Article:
Turns out that the Guinness cake is “the nicest cake in the world” according to Paul. He’s not wrong. Like a good casserole, fine cheese, or Helen Mirren, it just gets better with age. On Tuesday I ate three pieces of the damn thing. Small pieces (evening things up, you know) but nonetheless: three. So there have been lentils aplenty to atone.
But you don’t need me to tell you that the oft-maligned, unsexy lentil is actually seriously awesome. Or do you?
Above: This was Sunday night’s dinner. I must admit that I ate a whole ton of jellybeans that were supposed to be for Tim -should his blood sugar go low- while he was at work. I figured the only way to undo this would to make lentil soup. Now, I don’t have a hard and fast recipe for this, as I am still experimenting in the hopes of finding the perfect prototype. I think this could be close. I sauteed two onions, and added lots of garlic, some ginger, cinnamon, cumin, coriander, and turmeric. While this was softening and becoming headily aromatic, I tipped in half a cup each of organic Puy lentils, organic brown lentils, and red lentils from the bulk section at Pak’n’Save. Into this went a tin of chopped tomatoes, enough water to cover everything, plenty of salt…and that was it. It was pretty magical. Almost more of a curry than a soup, deeply flavoured with a marvelously thick texture. I thoroughly recommend you try it, especially if you find yourself crouching at the freezer with a spoon, surreptitiously eating your way through a tub of ice cream, or accidentally eating a whole loaf’s worth of overbuttered toast. Hey, we’ve all been there. Well, I have at least…
Above: This is what we had for dinner on St Patrick’s Day. Somehow it conspired that we had all the ingredients for that Autobahn classic, wedges with cheese, bacon, and sour cream. Even though there are probably far better uses for the bacon, at the time I couldn’t think of a better one. I served this with roasted capsicum and beetroot, which I drizzled with balsamic vinegar.
Above: Larb, with Cambodian Cucumber Salad from my Healthy Salads of Southeast Asia book, which was Tuesday night’s dinner. Larb is a bit of an in-joke for Tim and me – I guess we’re odd like that – we were playing Scrabble this one time (by the way, for someone who read the dictionary for kicks as a child, I am awful at Scrabble), and I used the word Larb. Tim said it wasn’t real, I told him he was uneducated, and he asked if I could use it in a sentence. All I could think of was “this is my larb.” Anyway, we found this kind of hysterical (I don’t expect you to, that’s why it’s an in-joke) but finally wikipedia proved me right. I still didn’t win that game. The cucumber salad is a great use of this particular vegetable, crunchy with cashews and dressed with fish sauce, garlic, and other such good things. I liked it a lot, and Tim said “yes” when asked if it was nice so you might be seeing this again. I’ll only tell you larb story this once though, promise.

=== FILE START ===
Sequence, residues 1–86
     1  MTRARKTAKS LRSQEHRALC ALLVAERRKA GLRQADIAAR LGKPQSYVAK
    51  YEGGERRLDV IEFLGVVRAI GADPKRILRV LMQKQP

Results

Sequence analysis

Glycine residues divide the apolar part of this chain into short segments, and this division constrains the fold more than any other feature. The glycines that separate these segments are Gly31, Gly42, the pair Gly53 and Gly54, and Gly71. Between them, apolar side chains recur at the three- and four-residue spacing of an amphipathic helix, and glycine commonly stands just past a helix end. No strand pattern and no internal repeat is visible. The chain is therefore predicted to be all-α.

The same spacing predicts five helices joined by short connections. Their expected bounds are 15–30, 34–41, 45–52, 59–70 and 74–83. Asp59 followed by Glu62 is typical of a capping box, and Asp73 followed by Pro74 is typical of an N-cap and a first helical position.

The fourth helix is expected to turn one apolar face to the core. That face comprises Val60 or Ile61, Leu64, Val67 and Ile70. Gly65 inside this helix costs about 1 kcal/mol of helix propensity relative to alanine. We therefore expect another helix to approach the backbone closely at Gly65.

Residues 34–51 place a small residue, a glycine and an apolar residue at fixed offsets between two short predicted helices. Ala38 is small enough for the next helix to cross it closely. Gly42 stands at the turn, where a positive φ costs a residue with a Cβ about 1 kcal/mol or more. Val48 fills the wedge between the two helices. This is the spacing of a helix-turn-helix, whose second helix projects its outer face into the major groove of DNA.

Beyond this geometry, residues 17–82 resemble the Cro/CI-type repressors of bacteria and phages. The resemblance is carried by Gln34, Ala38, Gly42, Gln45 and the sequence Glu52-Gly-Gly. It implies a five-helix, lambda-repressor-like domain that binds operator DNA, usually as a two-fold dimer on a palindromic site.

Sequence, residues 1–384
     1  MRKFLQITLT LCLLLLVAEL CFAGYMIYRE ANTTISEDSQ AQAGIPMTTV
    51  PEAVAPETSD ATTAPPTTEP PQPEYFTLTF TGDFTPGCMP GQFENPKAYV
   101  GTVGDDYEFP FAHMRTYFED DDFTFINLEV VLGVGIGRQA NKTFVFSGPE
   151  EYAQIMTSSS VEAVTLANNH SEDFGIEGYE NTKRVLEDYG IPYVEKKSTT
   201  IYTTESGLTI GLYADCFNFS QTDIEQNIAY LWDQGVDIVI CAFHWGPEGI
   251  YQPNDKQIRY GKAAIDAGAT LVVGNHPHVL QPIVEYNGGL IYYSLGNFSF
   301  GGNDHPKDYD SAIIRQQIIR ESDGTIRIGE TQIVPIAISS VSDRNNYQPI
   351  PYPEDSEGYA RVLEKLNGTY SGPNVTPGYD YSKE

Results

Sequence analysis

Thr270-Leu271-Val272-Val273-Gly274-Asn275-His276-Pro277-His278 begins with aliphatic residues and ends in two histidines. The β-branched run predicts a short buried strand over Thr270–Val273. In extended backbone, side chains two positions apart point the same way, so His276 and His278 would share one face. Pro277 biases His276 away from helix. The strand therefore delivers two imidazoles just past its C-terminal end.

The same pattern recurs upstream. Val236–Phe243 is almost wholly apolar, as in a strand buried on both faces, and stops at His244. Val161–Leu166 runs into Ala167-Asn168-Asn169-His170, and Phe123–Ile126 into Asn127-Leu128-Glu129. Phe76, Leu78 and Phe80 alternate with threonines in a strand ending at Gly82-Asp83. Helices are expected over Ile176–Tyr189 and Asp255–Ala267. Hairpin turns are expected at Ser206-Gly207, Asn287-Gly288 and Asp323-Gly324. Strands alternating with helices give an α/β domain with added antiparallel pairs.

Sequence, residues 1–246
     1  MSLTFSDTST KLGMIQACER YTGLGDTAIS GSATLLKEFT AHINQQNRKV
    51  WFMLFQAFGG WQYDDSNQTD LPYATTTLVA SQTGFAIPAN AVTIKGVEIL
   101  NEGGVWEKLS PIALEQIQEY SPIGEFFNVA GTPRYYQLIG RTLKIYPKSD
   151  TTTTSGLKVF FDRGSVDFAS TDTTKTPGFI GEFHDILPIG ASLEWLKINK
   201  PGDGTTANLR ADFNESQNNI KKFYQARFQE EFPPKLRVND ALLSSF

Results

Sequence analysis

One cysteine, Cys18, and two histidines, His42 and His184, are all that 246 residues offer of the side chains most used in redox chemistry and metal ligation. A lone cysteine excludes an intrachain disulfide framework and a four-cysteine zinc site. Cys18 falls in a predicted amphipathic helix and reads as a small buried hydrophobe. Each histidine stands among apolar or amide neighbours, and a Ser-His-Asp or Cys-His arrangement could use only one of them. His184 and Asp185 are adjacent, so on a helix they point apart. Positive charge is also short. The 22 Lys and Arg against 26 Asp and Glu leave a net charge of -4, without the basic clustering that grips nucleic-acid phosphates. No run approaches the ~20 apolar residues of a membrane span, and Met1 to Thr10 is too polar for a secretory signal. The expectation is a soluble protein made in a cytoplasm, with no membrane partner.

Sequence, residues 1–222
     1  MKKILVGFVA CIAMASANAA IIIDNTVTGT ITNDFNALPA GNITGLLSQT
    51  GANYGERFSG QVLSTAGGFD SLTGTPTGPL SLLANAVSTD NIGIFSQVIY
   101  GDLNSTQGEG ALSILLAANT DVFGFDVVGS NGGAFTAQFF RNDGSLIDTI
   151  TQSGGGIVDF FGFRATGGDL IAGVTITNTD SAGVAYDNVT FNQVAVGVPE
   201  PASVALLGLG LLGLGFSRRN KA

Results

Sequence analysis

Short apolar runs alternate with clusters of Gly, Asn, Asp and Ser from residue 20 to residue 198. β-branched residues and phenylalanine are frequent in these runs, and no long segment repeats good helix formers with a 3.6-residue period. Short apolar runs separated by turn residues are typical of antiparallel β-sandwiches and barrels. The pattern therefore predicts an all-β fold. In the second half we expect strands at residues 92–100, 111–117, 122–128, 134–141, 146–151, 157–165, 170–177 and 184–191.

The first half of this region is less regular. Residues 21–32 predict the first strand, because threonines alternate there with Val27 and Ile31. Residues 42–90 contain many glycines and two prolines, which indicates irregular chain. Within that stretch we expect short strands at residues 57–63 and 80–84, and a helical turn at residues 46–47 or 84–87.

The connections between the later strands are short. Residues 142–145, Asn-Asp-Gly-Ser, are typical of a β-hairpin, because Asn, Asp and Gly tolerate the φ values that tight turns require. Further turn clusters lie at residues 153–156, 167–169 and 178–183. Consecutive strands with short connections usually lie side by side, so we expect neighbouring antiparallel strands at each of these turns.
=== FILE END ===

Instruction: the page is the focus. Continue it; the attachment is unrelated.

Above: Lentil Cashew Cakes! (I’m not actually quite sure what to dub them; ‘patty’ sounds too earnest and I find something suspicious sounding about the word ‘fritter’ so ‘cakes’ will have to do.) I saw this recipe in the recipe column of the Sunday Star magazine section. It was written by the wonderful Ray McVinnie, whose column in Cuisine is always outstandingly inspiring, so I should have known these would be nothing less than brilliant. Cooked up brown lentils are mashed with cumin, garlic, coriander, eggs, chopped cashews and a little flour, and fried till cooked through (I used my awesome non-stick pan that I got for my 21st.) These chubby little cakes are fantastic – the soft crunch of the cashews provides the perfect foil for the unfamiliarly grainy texture of the lentils. To go with, I chopped some cucumber up, tossed it in some Greek yoghurt with ginger and garlic (adapting another recipe from this column) and steamed some brocolli. Oh, and there were more wedges:
Easter is just around the corner and though I’m not looking forward to doing assignments instead of flying home, I am very, very excited about making my first ever batch of Hot Cross Buns (Nigella, of course!)
Oh yeah – we went to the cricket on Saturday. Technically we got a good deal: we paid $25 for a ticket to the cricket, (which I don’t like), a tshirt (which I’ll never wear), a beer (which I don’t drink), and a piece of toast with (excellent) bacon and (watery, curiously fishy) eggs at the Loaded Hog before the game. I’ve made no secret of the fact that I think Sports=Bullying (at least when I have to be involved, anyway) so it begs the question, what on earth was I doing there? Well, I was more than prepared to stay at home but I got told that it would be fun and that I should come and that it was a great way to spend nine hours of your life. So with this in mind it would be facetious (but not out of character) for me to slate cricket entirely; just because I hate something doesn’t always make it morally abhorrent. But for real: It is intensely tedious. At about 2pm I almost became frantic, panicky even , with boredom and no forseeable conclusion to this charmless game. There were many times when I turned to Tim and asked him – genuinely – if they were still playing or just having an hour-long team talk, because that’s what it looked like. There is literally nothing to see, and nothing to do but sit. I can’t emphasise this enough. On a positive note, we were sitting amongst the Barmy Army, who are truly a delightful bunch, convivial and entertaining and ready with a song for every possible eventuality. They chanted “Micheal Vaughan’s Barmy Army” for a full eleven minutes. Their insanity kept me sane. So, no more cricket. At least I know for sure now that I don’t like it. Does anyone want a free tshirt?